Introduction: Despite durable responses from immune-checkpoint blockade (ICB) in a subset of patients with advanced non-small cell lung cancer (NSCLC), the majority of patients do not derive benefit from this treatment. In this analysis we evaluated the impact of concomitant administration of antibiotics during initiation of ICB on clinical outcome. Methods: Advanced non-squamous NSCLC patients receiving ICB as second- or later line between 2015 and 2017 at our tertiary cancer center in Salzburg (Austria) were included. Concomitant use of antibiotics was defined as administration of antibiotics within a time frame of one month before or one month after initiation of ICB (AB+-group). Results: Of the 30 patients included, 11 (36.7%) received antibiotics one month before or one month after start of ICB (AB+-group). Median PFS on ICB was in favor of the AB--group (AB-: 3.1 months [95%CI: 3.0-16.3]; AB+: 2.9 months, [95%CI: 1.9-NA]; HR=0.46 [95%CI: 0.12-0.90], p=0.031). Furthermore, median OS was significantly longer in the AB--group (AB-: 15.1 months [95%CI: 11.1- NA]; AB+: 7.5 months [95%CI: 6.3-NA]; HR=0.31 [95%CI: 0.02-0.78], p=0.026). In a multivariate analysis, the antibiotic treatment status was identified as the only parameter statistically significantly associated with PFS (p=0.028) and OS (p=0.026). Conclusions: Stratification of patients according to the antibiotic treatment status is warranted in future trials investigating ICB.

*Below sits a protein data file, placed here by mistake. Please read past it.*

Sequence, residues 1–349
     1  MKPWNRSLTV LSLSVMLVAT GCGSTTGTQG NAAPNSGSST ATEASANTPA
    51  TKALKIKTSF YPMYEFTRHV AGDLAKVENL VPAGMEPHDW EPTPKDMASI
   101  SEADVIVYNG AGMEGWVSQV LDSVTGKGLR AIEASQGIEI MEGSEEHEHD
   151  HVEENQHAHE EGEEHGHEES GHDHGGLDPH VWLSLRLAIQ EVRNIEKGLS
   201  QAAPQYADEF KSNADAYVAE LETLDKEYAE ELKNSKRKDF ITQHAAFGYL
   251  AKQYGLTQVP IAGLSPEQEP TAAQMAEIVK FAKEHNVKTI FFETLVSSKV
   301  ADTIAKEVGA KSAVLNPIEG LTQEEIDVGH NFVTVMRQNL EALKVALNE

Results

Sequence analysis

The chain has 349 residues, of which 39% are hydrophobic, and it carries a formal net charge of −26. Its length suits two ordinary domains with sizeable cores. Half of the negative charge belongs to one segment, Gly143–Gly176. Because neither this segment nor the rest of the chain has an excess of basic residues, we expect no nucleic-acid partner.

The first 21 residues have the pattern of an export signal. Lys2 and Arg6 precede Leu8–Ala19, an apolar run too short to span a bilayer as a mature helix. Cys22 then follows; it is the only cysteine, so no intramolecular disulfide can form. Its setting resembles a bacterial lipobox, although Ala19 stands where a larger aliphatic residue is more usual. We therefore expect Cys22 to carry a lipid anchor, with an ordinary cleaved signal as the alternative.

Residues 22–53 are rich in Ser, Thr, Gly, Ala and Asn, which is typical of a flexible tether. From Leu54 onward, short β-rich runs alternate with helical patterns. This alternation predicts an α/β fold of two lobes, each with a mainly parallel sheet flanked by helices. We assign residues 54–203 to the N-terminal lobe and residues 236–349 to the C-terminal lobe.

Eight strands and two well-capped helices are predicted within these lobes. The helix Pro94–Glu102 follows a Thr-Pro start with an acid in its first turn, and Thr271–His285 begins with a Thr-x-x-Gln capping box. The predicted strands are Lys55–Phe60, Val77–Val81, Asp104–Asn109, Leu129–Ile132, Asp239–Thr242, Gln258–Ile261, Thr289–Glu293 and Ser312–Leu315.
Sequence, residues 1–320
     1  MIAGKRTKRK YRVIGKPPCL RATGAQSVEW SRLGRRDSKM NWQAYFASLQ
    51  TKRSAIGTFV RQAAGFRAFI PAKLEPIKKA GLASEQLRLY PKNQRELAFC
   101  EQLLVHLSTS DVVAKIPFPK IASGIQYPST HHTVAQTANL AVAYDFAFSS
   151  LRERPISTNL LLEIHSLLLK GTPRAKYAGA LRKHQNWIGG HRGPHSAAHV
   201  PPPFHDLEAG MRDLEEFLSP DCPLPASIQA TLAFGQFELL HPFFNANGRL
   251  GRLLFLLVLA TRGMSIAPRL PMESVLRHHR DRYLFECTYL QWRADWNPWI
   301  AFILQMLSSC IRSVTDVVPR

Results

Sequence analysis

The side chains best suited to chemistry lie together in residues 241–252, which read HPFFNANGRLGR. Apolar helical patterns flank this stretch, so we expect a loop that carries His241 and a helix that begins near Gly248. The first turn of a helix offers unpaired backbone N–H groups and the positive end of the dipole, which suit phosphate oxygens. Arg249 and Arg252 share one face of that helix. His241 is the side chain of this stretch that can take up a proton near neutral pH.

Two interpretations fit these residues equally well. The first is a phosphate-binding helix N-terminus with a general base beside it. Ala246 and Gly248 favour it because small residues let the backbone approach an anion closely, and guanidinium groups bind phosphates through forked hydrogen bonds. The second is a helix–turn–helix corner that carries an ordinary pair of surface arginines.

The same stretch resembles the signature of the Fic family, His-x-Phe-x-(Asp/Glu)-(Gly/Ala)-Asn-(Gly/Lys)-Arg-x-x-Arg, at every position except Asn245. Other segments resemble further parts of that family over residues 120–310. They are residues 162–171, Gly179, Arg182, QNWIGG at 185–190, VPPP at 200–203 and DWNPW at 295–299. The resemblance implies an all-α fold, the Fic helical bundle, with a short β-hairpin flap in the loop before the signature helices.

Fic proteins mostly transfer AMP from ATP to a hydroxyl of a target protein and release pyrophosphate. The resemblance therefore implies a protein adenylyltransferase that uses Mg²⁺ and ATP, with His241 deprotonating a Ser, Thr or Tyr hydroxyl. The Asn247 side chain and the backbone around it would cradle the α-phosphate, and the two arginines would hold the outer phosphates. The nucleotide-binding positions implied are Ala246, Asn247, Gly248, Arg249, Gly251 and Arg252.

Huemer, F., Rinnerthaler, G., Westphal, T., Hackl, H., Hutarew, G., Gampenrieder, S. P., … Greil, R. (2018). Impact of antibiotic treatment on immune-checkpoint blockade efficacy in advanced non-squamous non-small cell lung cancer. Oncotarget, 9(23), 16512–16520. https://doi.org/10.18632/oncotarget.24751